Many artists can identify with Chris Eckert, whose long hours in the studio making work and listening to public radio left him feeling overwhelmed and frustrated. “The topics are complex and nuanced without simple answers,” Eckert says. “I don’t pretend to have solutions for any of these issues, but I feel their weight.”
So Eckert decided to turn that sensory overload into artistic fodder. The kinetic sculptor’s piece Mixed Messages, made in collaboration with John Green and currently on view at San Francisco’s Museum of Craft and and Design, reduces the signal of news to almost pure noise.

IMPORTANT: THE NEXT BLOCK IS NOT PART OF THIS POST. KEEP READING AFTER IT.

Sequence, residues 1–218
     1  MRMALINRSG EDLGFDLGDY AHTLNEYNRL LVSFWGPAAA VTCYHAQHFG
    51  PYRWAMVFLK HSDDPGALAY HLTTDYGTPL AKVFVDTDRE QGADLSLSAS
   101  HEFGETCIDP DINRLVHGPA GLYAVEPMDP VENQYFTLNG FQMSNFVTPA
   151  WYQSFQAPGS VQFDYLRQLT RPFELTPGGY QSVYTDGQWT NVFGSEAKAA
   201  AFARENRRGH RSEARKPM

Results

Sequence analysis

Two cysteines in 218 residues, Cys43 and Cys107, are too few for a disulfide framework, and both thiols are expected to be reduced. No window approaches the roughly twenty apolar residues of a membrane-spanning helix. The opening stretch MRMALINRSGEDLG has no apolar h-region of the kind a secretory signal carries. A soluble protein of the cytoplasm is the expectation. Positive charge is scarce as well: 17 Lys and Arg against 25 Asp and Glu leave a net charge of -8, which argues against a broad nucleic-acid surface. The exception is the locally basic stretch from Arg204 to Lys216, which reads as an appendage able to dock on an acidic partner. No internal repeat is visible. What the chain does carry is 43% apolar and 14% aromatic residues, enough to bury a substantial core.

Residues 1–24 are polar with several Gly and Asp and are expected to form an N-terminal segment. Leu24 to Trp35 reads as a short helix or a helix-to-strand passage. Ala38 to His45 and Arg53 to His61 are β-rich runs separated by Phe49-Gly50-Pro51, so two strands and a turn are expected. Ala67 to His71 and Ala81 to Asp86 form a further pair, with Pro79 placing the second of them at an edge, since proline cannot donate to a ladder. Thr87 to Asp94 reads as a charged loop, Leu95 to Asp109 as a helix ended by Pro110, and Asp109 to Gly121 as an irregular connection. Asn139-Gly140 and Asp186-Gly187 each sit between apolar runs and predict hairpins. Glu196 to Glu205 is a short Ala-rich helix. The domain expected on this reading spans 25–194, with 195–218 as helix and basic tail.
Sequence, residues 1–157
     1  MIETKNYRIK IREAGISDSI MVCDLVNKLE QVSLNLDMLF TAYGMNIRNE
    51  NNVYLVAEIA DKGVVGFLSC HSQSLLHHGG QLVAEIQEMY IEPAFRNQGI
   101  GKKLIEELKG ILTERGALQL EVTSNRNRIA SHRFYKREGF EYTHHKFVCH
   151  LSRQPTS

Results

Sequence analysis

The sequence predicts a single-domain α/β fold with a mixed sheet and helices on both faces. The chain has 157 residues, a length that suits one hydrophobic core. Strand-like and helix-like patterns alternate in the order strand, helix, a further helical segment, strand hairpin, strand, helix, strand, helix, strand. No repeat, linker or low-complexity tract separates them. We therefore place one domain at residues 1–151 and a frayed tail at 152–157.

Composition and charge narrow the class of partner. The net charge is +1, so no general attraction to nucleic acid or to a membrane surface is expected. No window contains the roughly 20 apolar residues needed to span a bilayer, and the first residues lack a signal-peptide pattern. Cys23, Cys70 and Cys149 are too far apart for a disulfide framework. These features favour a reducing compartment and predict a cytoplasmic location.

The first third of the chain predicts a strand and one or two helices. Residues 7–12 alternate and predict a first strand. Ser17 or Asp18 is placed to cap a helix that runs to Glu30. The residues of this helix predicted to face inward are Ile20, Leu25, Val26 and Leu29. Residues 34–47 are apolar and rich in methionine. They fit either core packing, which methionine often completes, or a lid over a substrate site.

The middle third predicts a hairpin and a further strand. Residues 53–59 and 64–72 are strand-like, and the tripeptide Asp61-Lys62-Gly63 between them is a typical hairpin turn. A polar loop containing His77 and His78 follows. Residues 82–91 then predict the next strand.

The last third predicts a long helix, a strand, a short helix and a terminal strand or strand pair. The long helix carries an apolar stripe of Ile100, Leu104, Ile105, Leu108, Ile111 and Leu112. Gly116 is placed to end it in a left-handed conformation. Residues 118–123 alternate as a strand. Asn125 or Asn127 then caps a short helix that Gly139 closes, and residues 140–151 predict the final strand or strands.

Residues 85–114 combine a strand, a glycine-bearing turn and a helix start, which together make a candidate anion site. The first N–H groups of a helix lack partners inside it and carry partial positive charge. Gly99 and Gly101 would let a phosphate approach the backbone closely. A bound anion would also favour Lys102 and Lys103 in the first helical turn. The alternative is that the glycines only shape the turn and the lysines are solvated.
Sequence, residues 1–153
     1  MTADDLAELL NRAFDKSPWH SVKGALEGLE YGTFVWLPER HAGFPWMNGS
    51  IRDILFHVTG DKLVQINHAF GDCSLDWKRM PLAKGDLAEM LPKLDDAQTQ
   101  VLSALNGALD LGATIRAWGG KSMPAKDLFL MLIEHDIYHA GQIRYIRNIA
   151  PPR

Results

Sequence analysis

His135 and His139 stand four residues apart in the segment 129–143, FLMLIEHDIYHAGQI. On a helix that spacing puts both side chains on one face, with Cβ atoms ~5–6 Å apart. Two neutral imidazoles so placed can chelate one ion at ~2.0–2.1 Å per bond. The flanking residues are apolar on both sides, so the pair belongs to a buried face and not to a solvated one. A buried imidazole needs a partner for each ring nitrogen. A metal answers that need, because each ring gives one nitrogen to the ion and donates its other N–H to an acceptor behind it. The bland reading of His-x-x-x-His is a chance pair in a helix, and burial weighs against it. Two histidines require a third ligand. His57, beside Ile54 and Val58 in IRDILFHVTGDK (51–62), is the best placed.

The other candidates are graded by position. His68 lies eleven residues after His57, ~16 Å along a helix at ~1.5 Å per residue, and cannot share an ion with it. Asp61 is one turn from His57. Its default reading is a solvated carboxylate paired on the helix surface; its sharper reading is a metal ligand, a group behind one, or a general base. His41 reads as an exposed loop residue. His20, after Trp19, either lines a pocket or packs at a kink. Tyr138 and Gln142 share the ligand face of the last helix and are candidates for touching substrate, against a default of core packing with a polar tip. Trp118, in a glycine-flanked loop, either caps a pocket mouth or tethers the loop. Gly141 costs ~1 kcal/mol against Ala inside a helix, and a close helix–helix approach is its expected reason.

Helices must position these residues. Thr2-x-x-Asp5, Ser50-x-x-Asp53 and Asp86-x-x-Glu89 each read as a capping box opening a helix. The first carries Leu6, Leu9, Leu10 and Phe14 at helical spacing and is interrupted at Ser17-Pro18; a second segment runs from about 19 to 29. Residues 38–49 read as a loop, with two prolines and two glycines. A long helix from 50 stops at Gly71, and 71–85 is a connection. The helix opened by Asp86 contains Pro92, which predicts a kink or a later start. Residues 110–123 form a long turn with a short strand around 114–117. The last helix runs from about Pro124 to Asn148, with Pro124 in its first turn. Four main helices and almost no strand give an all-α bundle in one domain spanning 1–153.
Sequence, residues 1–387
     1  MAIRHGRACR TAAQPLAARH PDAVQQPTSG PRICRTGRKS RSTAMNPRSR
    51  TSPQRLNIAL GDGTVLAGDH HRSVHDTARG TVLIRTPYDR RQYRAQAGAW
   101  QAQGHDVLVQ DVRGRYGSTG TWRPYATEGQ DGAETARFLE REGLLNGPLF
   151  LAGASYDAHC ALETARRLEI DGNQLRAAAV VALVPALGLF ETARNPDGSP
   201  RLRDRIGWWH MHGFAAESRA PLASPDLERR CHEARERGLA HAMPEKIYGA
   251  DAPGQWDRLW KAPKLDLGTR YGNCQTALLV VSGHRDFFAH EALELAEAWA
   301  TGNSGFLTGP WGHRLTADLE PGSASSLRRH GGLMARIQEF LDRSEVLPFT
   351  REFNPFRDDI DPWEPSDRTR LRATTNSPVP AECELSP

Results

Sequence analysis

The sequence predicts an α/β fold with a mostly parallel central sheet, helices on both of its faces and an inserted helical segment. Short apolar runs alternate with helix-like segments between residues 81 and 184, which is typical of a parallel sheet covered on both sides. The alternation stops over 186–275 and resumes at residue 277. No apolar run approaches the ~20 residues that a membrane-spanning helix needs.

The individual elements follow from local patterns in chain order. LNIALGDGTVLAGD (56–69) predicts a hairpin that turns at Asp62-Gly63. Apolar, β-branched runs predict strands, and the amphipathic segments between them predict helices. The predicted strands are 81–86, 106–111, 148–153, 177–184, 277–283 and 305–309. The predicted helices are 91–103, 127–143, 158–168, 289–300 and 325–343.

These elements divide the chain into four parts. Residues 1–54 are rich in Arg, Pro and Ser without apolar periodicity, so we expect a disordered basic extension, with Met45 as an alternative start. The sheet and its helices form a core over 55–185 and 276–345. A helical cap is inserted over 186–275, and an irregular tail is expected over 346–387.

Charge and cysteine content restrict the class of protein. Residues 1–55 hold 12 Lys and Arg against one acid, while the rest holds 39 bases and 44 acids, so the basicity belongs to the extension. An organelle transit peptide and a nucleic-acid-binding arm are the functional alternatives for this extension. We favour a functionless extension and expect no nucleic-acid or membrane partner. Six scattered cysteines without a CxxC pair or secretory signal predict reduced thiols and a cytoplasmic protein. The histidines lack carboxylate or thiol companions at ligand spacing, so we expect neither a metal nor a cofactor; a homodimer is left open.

At a bank of 24 artist-made telegraph machines labelled with the Twitter handles of different news organizations, tweets become Morse code in real time, tapping out (unintelligible to most) updates with machined precision.
Western Union sent its last telegram over a decade ago, long after its 1929 peak when more than 200 million telegrams zipped around the globe. Like Twitter, telegrams, paid for by the word, fostered a specialized syntax of cost-effective short phrases and abbreviations.